UI epidemiologist joins Iowa Democrats press conference criticizing Ernst for comments on COVID-19 death numbers

The Iowa Democratic Party held a press conference with medical professionals, including University of Iowa epidemiologist Christine Petersen, challenging Sen. Joni Ernst for insinuating health care providers are boosting COVID-19 numbers.


Hannah Kinson

Sen. Joni Ernst, R-Iowa, talks about her personal struggles during the Iowa GOP Reception at Hughes Family Barn in Cedar Rapids on Friday, Oct. 18, 2019.

Caleb McCullough, Politics Editor

Iowa Democrats, joined by University of Iowa epidemiology professor and director of the university’s Center for Emerging Infectious Diseases Christine Petersen, took aim at recent comments made by Sen. Joni Ernst, R-Iowa, where she expressed skepticism about the COVID-19 death toll in the U.S.

Ernst has faced criticism after saying she was skeptical of the official COVID-19 data at a campaign stop in Waterloo on Aug. 31.

“These health-care providers and others are reimbursed at a higher rate if COVID is tied to it, so what do you think they’re doing?” she is quoted saying in the Waterloo Courier.

Later, Ernst issued a statement to several news outlets acknowledging the coronavirus death toll is more than 180,000, and saying she’s focused on getting resources to Iowa to fight the virus.

While the press conference Thursday was directed at Ernst’s comments on the coronavirus numbers, Petersen didn’t specifically mention Ernst, but said politicians need to take the pandemic seriously and political action can help reduce the spread.

Petersen also noted she was speaking as a private citizen and not in her role as a UI employee.

“The bottom line is we have an outbreak that has now killed over 1,200 people in Iowa,” she said. “And I don’t think anybody is going to disagree that this is a pandemic that is terrible.”

At the same event in Waterloo, Ernst made reference to recent statistic that 94 percent of people who died from the coronavirus had comorbidities.

“They’re thinking there may be 10,000 or less deaths that were actually singularly COVID-19. … I’m just really curious. It would be interesting to know that,” she told the Courier.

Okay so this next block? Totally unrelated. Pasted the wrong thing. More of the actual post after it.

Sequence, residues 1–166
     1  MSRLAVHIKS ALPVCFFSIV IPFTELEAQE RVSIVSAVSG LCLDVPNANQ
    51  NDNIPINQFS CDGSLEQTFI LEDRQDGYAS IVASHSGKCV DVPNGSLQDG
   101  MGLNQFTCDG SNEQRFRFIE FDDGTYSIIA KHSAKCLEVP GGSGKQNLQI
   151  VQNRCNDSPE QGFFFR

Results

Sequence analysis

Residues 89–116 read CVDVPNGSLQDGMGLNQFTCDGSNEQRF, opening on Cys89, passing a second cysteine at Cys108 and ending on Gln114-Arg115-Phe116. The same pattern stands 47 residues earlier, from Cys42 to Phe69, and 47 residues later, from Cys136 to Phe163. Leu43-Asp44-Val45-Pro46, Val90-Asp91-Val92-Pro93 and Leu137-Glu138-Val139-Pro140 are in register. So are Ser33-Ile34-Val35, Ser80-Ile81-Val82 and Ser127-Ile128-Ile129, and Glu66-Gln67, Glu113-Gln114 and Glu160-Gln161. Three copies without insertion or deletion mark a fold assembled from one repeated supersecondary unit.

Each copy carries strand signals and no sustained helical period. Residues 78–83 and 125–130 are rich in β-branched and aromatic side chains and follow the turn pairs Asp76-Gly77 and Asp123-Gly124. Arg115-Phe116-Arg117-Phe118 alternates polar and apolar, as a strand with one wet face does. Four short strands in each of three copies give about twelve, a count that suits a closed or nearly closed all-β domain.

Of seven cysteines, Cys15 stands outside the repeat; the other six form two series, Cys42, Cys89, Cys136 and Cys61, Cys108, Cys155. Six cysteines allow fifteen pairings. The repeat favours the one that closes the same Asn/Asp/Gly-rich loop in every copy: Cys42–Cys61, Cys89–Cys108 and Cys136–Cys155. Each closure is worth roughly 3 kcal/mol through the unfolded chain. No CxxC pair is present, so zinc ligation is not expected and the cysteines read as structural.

Petersen said it’s not surprising that people with COVID-19 also have other conditions, because health conditions often exacerbate other problems and can make someone more susceptible to the virus.

“To say that we’re somehow increasing the number in the COVID column by not calling it these other things, is just trying to say that as people we live very simple lives and you only ever get exposed to one thing, which just isn’t the way life happens,” she said.

Glenn Hurst, the chair of the Iowa Democratic Party Rural Caucus and a medical doctor in Minden, Iowa, leveled a more direct attack at Ernst. He said the severity of COVID-19 in the U.S. is a result of a slow federal response.

He also accused Ernst of politicizing the pandemic and pushing a conspiracy theory that the death statistics are inflated.

“This politician should have the guts to face Iowa providers and people we care for and tell them where the conspiracy really lies,” he said.

Ernst’s comments last week drew criticism from some Iowa health-care providers, including the Iowa Medical Society.

“It is incredibly disappointing to see comments attributed to Senator Ernst implying that the Iowa medical community is doing anything other than continuing to uphold its long track record of providing the highest quality of care and rising to the evolving challenges of the pandemic with the greatest of integrity,” the group wrote on Facebook on Sept. 2.

According to a report Thursday from Iowa Starting Line, Ernst apologized for her statement on a call with the Iowa Medical Society and committed to “further clarification to begin rebuilding patient trust in the provider community.”

Ernst’s staff had not responded to a request for comment at the time of publication.